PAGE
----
Ready for Spa-Francorchamps. The first real stage of what promises to be a long, challenging season got off to an exciting start at Vallelunga. The pre-season tests saw the Trofeo’s new aerodynamic package make its debut and almost all the drivers gave them the thumbs-up. The modifications to the car have tweaked the way it handles in medium-fast stretches and boosted its performance.
One of the drivers who adapted quickest was Mauro Calamia, a title pretender. The Swiss Team driver was fastest on the circuit, even though not all the drivers went flat out. If he maintains this form, Kuppens could have a true rival to contend with at the famous Ardennes circuit. This is where the Trofeos will be battling it out come the next weekend.
Year built: 1920
Circuit Length: 7,395 m
Total capacity: 70,000
Spa is one of the most attractive world championship circuits, one of those "old-time" tracks that have never undergone any radical modifications. Set in the green hills of the Ardennes the track retains more or less all the technical features of the original circuit (which was about 14 kilometres long). That means it is very exciting from start to finish and its highly technical layout is capable of really highlighting the difference between a proficient driver and a champion. Racing enthusiasts cannot but be thrilled as cars take the Eau Rouge or Radillon and feel they are in there with the drivers as they tackle this terrifying dip flat out.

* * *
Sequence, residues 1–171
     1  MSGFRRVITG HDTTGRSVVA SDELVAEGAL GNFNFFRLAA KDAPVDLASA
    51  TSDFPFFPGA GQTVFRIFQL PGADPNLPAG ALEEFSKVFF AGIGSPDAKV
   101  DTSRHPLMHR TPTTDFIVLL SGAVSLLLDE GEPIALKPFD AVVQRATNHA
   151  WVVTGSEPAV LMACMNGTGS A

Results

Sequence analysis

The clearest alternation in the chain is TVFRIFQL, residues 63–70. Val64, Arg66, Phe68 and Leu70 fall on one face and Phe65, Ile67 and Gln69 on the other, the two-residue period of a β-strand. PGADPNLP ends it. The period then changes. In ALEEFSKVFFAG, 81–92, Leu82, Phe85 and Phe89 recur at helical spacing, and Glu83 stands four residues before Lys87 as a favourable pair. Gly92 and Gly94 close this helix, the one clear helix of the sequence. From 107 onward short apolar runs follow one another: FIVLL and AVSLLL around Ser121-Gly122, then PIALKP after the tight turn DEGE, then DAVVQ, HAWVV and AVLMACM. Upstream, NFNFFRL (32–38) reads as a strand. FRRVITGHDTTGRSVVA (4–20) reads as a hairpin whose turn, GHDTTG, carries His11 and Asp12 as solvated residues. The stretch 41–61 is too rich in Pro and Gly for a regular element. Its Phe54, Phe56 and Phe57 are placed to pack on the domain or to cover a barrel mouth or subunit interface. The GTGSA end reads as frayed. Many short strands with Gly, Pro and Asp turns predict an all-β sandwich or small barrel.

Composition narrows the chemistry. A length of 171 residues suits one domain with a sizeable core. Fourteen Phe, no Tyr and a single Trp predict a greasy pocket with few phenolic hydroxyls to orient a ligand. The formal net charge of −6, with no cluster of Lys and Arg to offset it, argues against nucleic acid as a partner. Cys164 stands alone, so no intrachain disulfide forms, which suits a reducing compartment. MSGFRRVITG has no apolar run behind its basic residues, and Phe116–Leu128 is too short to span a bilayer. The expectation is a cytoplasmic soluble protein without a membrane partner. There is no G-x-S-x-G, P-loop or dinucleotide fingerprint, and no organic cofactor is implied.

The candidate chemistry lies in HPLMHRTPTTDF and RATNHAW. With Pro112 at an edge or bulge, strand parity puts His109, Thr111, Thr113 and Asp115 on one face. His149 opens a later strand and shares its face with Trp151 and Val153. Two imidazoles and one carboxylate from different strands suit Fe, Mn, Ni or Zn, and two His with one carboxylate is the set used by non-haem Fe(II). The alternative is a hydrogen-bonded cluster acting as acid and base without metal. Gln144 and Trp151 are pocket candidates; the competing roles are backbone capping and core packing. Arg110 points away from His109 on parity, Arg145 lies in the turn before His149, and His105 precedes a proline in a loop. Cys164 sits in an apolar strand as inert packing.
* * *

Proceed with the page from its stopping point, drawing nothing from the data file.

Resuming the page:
Obviously, it is not only Eau Rouge-Radillon which allows drivers to set fast times. The central part of the Spa circuit is intriguing too and characterised by a sequence of fast, swooping corners and short straights. This second stretch is probably the most technical, since it demands special driving skills to avoid spinning (and running fairly low levels of downforce can complicate matters).
After the mixed stretch coming out of the treacherous Stavelot, we go back in history to the evocative straight in the Ardennes woods - Blanchimont - leading to the Bus Stop, the chicane where drivers always come to within a hair's breadth of the wall as they accelerate out. Spa-Francorchamps is also famous for its unsettled weather conditions, which often present drivers with wet and dry sections over a track almost seven kilometres long!
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